We are pleased to host a guest blog from debut author DeAnna Cameron whose first book, The Belly Dancer, is released today.
Everyone loves a good mystery, and for me, as someone who has had a passion for the art and history of belly dance for nearly 20 years, there’s been no more compelling a mystery than the one surrounding the legendary Middle Eastern dancer known as Little Egypt, a figure consider by many to be the country’s first well-known belly dancer.
Until I began to delve into the origins of belly dance in America as part of my research for my debut novel, THE BELLY DANCER, I simply accepted the common belief that Little Egypt was a dancer who got her start at the 1893 Chicago World’s Fair. I was fascinated to discover, however, that her story isn’t so simple at all. In fact, there continues to be a healthy debate over the identity of the original Little Egypt.
Some theorize, as author and history professor Robert Muccigrosso does in “Celebrating the New World: Chicago’s Columbian Exposition of 1893,” that the true Little Egypt is the Syrian dancer named Fahreda Mahzar—often billed as Fatima—who did appear at the Street in Cairo exhibit on the fair’s Midway Plaisance.
There seems to be greater evidence, however, to suggest that another Little Egypt is responsible for establishing that name’s place in history. That candidate is Ashea Wabe, a New York dancer who went by the stage name of Little Egypt and who became the focus of a notorious police investigation detailed in the New York Times and other newspapers across the country a few years after the fair closed. The investigation centered on a police raid of a dinner held by Herbert Seeley for a group of prominent men that became known as the “Awful Seeley Dinner” and which went on to make headlines largely because Wabe and other dancers were alleged to have been hired to perform indecent dances. The scandal became a source of intense reader interest and was talked about from coast to coast, making its players – especially the comely and enigmatic Little Egypt – well-known public figures.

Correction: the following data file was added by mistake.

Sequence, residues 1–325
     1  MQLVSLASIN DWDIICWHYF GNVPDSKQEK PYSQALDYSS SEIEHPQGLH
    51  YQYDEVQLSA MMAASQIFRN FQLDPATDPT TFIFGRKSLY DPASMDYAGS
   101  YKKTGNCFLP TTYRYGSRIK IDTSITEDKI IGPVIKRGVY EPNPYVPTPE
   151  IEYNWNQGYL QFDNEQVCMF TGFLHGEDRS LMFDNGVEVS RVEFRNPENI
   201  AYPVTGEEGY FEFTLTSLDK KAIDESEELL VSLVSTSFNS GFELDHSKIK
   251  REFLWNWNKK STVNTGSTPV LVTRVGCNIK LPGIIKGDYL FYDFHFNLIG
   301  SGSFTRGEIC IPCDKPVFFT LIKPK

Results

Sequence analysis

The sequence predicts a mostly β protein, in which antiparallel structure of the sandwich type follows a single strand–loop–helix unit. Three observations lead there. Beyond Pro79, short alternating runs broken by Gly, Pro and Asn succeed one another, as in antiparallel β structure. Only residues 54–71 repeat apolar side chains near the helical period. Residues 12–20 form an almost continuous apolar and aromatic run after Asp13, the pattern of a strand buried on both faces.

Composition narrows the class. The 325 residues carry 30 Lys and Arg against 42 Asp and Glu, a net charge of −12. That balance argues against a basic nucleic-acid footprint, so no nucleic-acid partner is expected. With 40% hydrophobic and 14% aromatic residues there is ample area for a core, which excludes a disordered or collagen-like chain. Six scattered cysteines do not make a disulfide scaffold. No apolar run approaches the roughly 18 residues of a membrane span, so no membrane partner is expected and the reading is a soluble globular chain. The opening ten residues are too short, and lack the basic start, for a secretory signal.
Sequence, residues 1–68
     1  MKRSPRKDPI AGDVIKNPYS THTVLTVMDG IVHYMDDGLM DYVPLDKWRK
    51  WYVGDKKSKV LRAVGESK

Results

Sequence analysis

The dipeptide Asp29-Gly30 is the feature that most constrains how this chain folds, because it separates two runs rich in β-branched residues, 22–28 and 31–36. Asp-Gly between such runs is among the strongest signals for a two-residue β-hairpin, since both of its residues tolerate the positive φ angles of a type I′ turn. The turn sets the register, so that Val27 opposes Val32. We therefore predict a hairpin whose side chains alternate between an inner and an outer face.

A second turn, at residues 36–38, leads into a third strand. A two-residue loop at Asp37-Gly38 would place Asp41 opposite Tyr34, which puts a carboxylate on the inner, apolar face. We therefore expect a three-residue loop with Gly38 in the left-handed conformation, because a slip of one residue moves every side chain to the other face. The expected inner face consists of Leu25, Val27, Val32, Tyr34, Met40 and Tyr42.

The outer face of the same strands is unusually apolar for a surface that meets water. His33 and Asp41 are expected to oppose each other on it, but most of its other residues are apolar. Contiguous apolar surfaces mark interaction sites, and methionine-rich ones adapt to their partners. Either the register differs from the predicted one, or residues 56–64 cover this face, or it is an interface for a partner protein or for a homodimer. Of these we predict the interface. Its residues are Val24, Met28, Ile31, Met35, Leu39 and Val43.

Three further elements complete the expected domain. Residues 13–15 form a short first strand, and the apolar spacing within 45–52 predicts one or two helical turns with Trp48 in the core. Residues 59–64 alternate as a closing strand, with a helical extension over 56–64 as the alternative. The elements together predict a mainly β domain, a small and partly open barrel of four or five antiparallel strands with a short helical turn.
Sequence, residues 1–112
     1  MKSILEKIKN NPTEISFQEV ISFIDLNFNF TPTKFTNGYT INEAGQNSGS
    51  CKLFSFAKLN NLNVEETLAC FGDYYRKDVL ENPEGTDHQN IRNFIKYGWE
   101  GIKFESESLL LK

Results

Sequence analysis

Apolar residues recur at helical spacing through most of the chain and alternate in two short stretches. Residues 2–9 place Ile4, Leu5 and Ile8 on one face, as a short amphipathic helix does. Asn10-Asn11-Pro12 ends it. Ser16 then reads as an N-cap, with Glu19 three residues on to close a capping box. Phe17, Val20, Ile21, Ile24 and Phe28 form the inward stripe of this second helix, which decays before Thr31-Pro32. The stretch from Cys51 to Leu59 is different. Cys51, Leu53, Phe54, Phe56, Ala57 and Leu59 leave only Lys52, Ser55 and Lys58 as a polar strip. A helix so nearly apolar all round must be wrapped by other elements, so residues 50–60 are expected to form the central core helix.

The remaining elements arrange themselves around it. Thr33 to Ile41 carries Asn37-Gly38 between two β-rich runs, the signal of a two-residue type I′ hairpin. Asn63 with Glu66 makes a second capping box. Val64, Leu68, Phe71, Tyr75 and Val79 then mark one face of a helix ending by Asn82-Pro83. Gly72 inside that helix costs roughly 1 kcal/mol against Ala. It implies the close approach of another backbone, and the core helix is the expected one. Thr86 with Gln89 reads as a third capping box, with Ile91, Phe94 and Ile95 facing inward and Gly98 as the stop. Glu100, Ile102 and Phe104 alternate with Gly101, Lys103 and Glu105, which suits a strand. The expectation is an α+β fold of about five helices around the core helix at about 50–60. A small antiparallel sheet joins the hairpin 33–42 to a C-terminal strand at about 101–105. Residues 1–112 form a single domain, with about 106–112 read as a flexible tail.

The Ashea Wabe theory is supported by extensive research conducted by dancer and historian Donna Carlton and presented in her book, “Looking for Little Egypt.” It’s also consistent with statements made by Sol Bloom, the man primarily responsible for the Midway Plaisance, in his 1948 autobiography.
And yet, despite these two strong candidates, there remains the possibility that the original Little Egypt is someone else altogether, that her real name has been so obscured by the haphazard record keeping habits of the World’s Fair exhibitors and in the flood of imitators who rushed to capitalize on her notoriety that we may never know her true identity.
As you can imagine, the storyteller in me embraces this possibility because it’s the kind of mystery that can set your imagination on fire. It leads to so many tantalizing questions: Who else could she have been? What led her to Chicago? How did she learn to belly dance?
Each question led to more questions, and I found myself following them like stepping stones as I wrote THE BELLY DANCER. My answers – my vision of what could have been – ultimately became the basis for my novel. And while my characterization of Little Egypt is entirely fictional, I was happy to pay homage to this wonderful icon by giving her something the mystery surrounding her identity had not – a life story at last.
Thanks so much to DeAnna for her post. If you would like to find out more information about DeAnna or The Belly Dancer, you can visit her website at www.deannacameron.com